Brock Bowers runs after a catch against Oregon in 2022.
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Brock Bowers, Larry Fitzgerald and Why the NFL’s Three-Year Eligibility Rule Isn't For Everyone

Sixty-six catches for 1,098 yards and 17 total touchdowns. That's a respectable career stat line for any college football tight end. Georgia Bulldogs tight end Brock Bowers has put up those numbers through 17 games as a true freshman — not to mention he's a national champion, 2021 first-team All-SEC member and the 2021 SEC Freshman of the Year.

I'd be remiss to say the Georgia tight end, who helped the Dawgs defeat Alabama in the 2022 CFP National Championship game, isn't an absolute stud. In fact, his stats will assuredly balloon, and his list of accolades will undoubtedly grow. With that being said, Bowers is quickly shrinking his list of goals to accomplish in college.

What then?

Brock Bowers Should Leave for the NFL After This Season

Brock Bowers scores a touchdown in the 2022 CFP National Championship Game.

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It's no secret UGA's TE Brock Bowers, a sophomore, will have an NFL career. I mean, the guy made South Carolina look like a JV team, and he has a knack for doing the same to every opponent he lines up against. Whether he's being used as a blocker or a modified wide receiver alongside Darnell Washington, Bowers is going to be a first-round pick. The only question is when he'll become draft eligible.

However, under the NFL's draft eligibility rules, Bowers has to wait until after next season to go pro:

"To be eligible for the draft, players must have been out of high school for at least three years and must have used up their college eligibility before the start of the next college football season. Underclassmen and players who have graduated before using all their college eligibility may request the league's approval to enter the draft early."

Key in on the last sentence, though. In my opinion, Bowers should request to enter the 2023 NFL Draft because he'll have nothing left to prove after this season.

His stats obviously jump off the page, but if you watch Bowers play for a second it's clear he operates at a different level. He can catch, he can run and he can be the focal point of an offense — a rare skill for a tight end not named Travis Kelce.

The best part? His play and athleticism translate to wins. Georgia looks more than ready to repeat as national champions, and Bowers, along with the stellar performance of quarterback Stetson Bennett so far, are the reasons why on the offensive side of the ball. So, after another presumed College Football Playoff run next January, he should take his game to the NFL. (Sorry, Georgia fans.)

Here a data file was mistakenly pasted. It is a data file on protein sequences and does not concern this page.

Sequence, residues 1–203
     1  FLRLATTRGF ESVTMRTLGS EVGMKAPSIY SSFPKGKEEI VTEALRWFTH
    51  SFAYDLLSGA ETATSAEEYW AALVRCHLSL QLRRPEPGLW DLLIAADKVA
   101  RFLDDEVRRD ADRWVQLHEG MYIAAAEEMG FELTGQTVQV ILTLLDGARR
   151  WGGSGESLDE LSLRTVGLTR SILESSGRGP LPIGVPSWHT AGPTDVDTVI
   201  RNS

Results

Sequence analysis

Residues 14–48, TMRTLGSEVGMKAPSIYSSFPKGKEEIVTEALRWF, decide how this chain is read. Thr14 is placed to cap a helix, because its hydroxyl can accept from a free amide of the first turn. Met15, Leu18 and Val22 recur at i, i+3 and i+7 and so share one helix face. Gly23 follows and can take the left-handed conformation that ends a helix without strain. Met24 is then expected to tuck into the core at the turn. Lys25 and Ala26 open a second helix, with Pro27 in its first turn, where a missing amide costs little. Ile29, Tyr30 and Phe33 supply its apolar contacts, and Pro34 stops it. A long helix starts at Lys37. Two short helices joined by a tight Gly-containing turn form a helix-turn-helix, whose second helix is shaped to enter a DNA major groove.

And for guidance, he should look to Larry Fitzgerald.

Larry Fitzgerald: A Star Who Went Pro After Two College Seasons

Larry Fitzgerald was granted special persmission to enter the 2004 NFL Draft after two seasons at Pittsburgh.

Sean Brady/WireImage (left), Christian Petersen via Getty Images (right)

Like Bowers, Larry Fitzgerald was a superstar as an underclassmen at Pittsburgh. No one could cover him, and some say he should've won the Heisman Trophy in 2003. It was clear after his sophomore year Fitzgerald had exhausted his time at the college level. So, he sought the NFL's approval to enter the draft early.

Now, Fitzgerald's situation differs from Bowers' because he took a post-graduate year after graduating high school due to him being academically ineligible to play college football. Technically, he did meet the "three-year removed from high school" requirement. Still, the NFL granted him an exception, and he was selected by the Arizona Cardinals with the third overall pick in the 2004 NFL Draft.

Ohio State running back Maurice Clarett challenged the NFL's eligibility rule the same year. However, Clarett had a long list of off-the-field issues and was dismissed from Ohio State with only one college season under his belt. He initially won a lawsuit at the District Court level that would allow him to enter the '04 draft, but the United States Court of Appeals shot it down.

Bowers' case would be cut and dry. He maximized his time in college and is looking for a new challenge that comes with a paycheck. I believe that would be enough for NFL Commissioner Roger Goodell after watching a glimpse of his game film.

Bowers would be 20 during his rookie season, but I would've drafted him on my fantasy team yesterday. I know Atlanta Falcons head coach Arthur Smith doesn't play fantasy football, but maybe he should take notes from Kirby Smart on how to utilize a talented tight end. Because right now, Bowers is the best tight end in the Peach State. And frankly, Smith should apologize to all Kyle Pitts owners out there. I digress.

If last season was any indication of what Bowers has left to prove, he'll have nothing to do in 2023. And with draft rankings and NFL mock drafts getting fired up the instant the national championship matchup is over, Brock Bowers could disrupt things for everyone. With a scouting report like his, it's easy to why he should be torching the Tennessee Titans and not the Volunteers in 2023. Seriously, The only Florida teams fans should be seeing Bowers rack up TD receptions against are the Miami Dolphins and the Jacksonville Jaguars. What more does Bowers have to show us against TCU, Michigan, Oklahoma, LSU, Oregon, Notre Dame or Iowa?

Brock Bowers leaves defenders in the rearview each Saturday. He should do the same to college football this offseason.

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